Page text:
Maximizing Your Google Grant

Guest article! Brian Cook is with the Human Rights Campaign, which works on marriage equality and other equal rights issues for the LGBT community. He recently put the Google Grants guide below out on the Progressive Exchange and was kind enough to let us reprint it here at

Maximizing Your Google Grant

By Brian Cook


A Google Grant is available to qualifying 501(c)(3) non-profit organizations. The Grant is worth $10,000 per month of Google AdWords, with some restrictions on keywords and bidding. If used properly, it represents an enormous opportunity to drive traffic to your website and reach a new and significant audience.

When an organization uses its Google Grant at full capacity (spends its entire grant) for two months, it is eligible to apply for Google Grantspro, which is an additional $30,000 per month of AdWords. For any organization, $40,000 per month of free advertising is a huge bonus. For financially lean non-profits, it can be game-changing.


The program rules and restrictions are explained in detail here.

Budget Constraints

The main difference between a standard AdWords campaign and a Google Grant AdWords campaign is the maximum cost-per-click (CPC) bid of $1. That restriction is lower than CPC bids for many high-traffic keywords, which effectively precludes Google Grantees from competing for those terms. Therefore, Google Grantees must focus primarily on long-tail, lower traffic, niche searches, for which the $1 CPC bid is sufficient to appear on the first page of search results.


The key to maximizing your Google Grant is discovering patterns of keywords that are cheap, targeted and for which there is some traffic. This will vary based on your particular issue, but here are some examples that have worked well for us.

Geographic Queries

Since equality legislation varies from state-to-state, appending state and city names to queries has produced excellent results. Some examples are:

  • gay marriage California
  • marriage equality Maryland
  • lgbt church Nashville

Lists of state names and of the most populous cities in the U.S. are readily available on Wikipedia, and large volumes of keywords can be generated using simple search/replace macros. Since the Grant represents free advertising, it’s not necessary to spend time filtering out low-converting or ambiguous keywords, like:

  • Washington transgender healthcare

Interrogative Queries

A popular query format often overlooked is the interrogative query. These show up in both Google Analytics traffic source reports, as well as internal site search logs. Some examples are:

  • Am I a lesbian?
  • What is gay marriage?

Position Queries

Where a topic is controversial, there is usually a lot of search traffic for research, particularly where the searcher is looking for information with a certain viewpoint. It’s valuable to capture all of that traffic, whether in line with your viewpoint or not. Some examples are:

  • pro same sex marriage
  • gay marriage cons
  • examples of lgbt civil rights violations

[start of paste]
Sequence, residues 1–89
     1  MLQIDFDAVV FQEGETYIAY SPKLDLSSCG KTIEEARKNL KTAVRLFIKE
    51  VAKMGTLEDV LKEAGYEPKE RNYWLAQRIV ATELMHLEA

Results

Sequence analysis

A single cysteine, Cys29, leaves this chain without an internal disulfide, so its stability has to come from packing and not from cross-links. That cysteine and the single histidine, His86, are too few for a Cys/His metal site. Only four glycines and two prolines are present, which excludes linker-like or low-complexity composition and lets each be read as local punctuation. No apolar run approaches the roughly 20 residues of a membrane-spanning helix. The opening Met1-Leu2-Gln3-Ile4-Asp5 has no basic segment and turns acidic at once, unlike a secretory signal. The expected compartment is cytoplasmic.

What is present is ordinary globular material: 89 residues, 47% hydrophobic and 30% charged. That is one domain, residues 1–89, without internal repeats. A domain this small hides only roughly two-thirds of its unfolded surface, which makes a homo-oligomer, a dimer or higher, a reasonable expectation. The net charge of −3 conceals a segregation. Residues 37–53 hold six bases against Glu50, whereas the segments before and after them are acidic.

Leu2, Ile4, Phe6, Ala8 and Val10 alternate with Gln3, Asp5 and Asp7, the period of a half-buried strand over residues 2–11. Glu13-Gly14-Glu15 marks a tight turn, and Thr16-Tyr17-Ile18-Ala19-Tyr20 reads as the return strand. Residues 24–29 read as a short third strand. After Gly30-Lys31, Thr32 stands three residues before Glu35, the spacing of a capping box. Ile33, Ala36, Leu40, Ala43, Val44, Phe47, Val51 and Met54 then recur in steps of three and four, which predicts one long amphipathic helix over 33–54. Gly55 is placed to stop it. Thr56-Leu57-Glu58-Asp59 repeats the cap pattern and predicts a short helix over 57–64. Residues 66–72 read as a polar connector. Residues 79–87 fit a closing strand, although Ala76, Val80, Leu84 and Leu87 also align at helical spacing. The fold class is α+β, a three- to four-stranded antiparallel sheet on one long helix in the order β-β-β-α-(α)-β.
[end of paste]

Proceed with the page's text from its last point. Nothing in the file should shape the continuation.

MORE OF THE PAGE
• for marriage equality
  • arguments against homosexuality

Brand Queries

Your website should already rank organically for searches that are clearly trying to find your organization. Still, having an AdWords presence for those terms can help reinforce your brand. Generally, it’s always better to have a larger presence in Google’s search results, and brand queries represent low-hanging fruit.

Capturing All Variants

In search, it’s important to remember that pluralizing or changing the order of words represents an entirely different keyword. Each of these is a different variation:

  • Pro same sex marriage
  • Pro same-sex marriage
  • Pros same sex marriage
  • Same sex marriage pros
  • Samesex marriage pros


Google AdWords allows broad matching, exact matching and phrase matching. While trying to maximize traffic through a Google Grant, it’s best to set keywords to broad match. Once the Grant is running at capacity, those matching types can be fine-tuned for better clickthrough rates (CTR) and conversion rates.

Reaching Capacity

The $10,000/month of value is divided by the number of days in a given month, and Grant ads are shown each day until that daily limit is reached. To quality for the Grantspro program ($40,000/month instead of $10,000/month), an organization must use at least $9,500/month of their Grant for two months.


After an organization qualifies, it must apply for Grantspro, which includes passing a test on AdWords account management with a score of at least 85. There’s no penalty for retaking the test as many times as necessary. Then the organization must wait for approval, which ostensibly happens quarterly. This part of the process was done before the rollout of a more unified Google for Nonprofits system, so it may no longer be accurate.

At HRC, we reached capacity for our Google Grant in March and April, and applied for Grantspro as soon as we could at the beginning of May. By October, we’d still heard nothing, and asked our account manager at Google (for an unrelated remarketing campaign), to check on our status. In early November, we were approved for Grantspro, which automatically and immediately tripled our daily limit.

In fact, we’d continued to gradually build our account throughout the months of waiting for Grantspro approval, and had such a large and thorough list of keywords that we were already reaching the capacity of our Grantspro grant.

As long as Google continues to support the program, we will happily reap the benefits of almost a half million dollars of annual search advertising. We receive almost 2,000 visits each day from the program, making it a major source of traffic and expanding our online presence.

Thanks for sharing this, Brian! Great specifics and examples for other folks to draw on. – cpd

Written by
Colin Delany
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